How Can a Building Code Violation Help Win a Slip and Fall Case?

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In Texas, slip and fall cases fall under the wider label of premises liability litigation. In such cases, a building owner’s failure to abide by federal and state building codes can help prove responsibility and liability for your injuries.

What is a Premises Liability Case?

Premises liability covers a range of legal actions filed with the intent of holding a property owner responsible for injuries, wrongful death, and damages caused by the property owner’s failure to follow building codes, maintain his property, or warn visitors of potential hazards.

Among the most common types of premises liability cases are slip and fall cases, swimming pool injury cases, and railing failure cases.

Generally, property owners owe a duty of care to licensees, invitees, and even trespassers; however, the extent of the duty owed is heavily dependent on which of these three categories the plaintiff falls under.

Why Are Building Codes Important?

State and federal building codes are essential in designing, constructing, and maintaining safe buildings and facilities, and it is a building owner’s duty to ensure that their property remains compliant at all times.

When a building owner fails to abide by these minimum standards, they create an unsafe environment for occupants and visitors.

Among the items regulated by building codes are:

  • Building materials
  • Building components
  • Building design
  • Practice to ensure durability and safety
  • Mechanical systems
  • Electrical systems
  • Plumbing systems
  • Smoke detectors and fire sprinklers
  • ADA compliance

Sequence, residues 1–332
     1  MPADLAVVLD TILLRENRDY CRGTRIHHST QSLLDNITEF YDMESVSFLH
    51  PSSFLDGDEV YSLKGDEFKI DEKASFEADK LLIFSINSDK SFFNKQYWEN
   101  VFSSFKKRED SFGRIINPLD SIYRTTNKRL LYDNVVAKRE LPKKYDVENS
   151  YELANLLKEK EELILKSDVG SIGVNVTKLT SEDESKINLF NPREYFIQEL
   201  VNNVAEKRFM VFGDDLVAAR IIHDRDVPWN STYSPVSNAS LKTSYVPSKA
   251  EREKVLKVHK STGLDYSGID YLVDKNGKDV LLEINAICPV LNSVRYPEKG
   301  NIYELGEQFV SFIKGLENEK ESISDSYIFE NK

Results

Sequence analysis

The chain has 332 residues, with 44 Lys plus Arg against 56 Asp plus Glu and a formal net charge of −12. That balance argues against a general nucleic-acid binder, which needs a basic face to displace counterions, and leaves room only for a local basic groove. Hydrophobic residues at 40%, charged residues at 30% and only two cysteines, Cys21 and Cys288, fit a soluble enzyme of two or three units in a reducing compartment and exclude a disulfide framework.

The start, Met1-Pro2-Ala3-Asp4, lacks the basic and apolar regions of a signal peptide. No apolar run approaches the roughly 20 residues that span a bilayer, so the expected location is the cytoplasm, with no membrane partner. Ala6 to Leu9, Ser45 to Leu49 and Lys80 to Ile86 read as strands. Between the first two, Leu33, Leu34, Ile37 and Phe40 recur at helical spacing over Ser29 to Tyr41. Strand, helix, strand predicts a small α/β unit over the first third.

• Emergency escapes
  • Elevators
  • Building accessibility

How Can A Code Violation Help Prove My Case?

Because building codes make such a significant impact on preventing potential hazards, demonstrating that a building owner has failed to follow the minimum standards established by federal and state regulators can help establish that the building owner has breached their duty of care owed to occupants and visitors.

Building code violations are often deemed negligence per se, meaning that the violation is considered negligent because it violates a statute. In many jurisdictions, negligence per se can create a presumption of negligence that can work to the plaintiff’s benefit.

If the injury of the plaintiff can then be traced back to that violation, it is much easier to connect that injury to the building owner along with liability for any resulting damages.

What Should I Do After a Premises Liability Accident?

If you or a loved one were injured on someone’s property and believe your injury was the result of the property owner’s failure to provide reasonable protection, following these steps may help build our product liability case.

  1. Seek medical attention for your injuries
    • Ensure that you or loved ones’ well being is taken care of before taking any other actions
  2. Report the incident to the owner or manager of the property
    • Make sure to get a copy of the incident report
  3. Take pictures of the area where the accident happened
    • Photos with a date and time are important, because evidence could be removed
  4. Get names and phone numbers of any people who witnessed the accident
    • Witnesses will help prove your story in the future
  5. Call an experienced injury attorney

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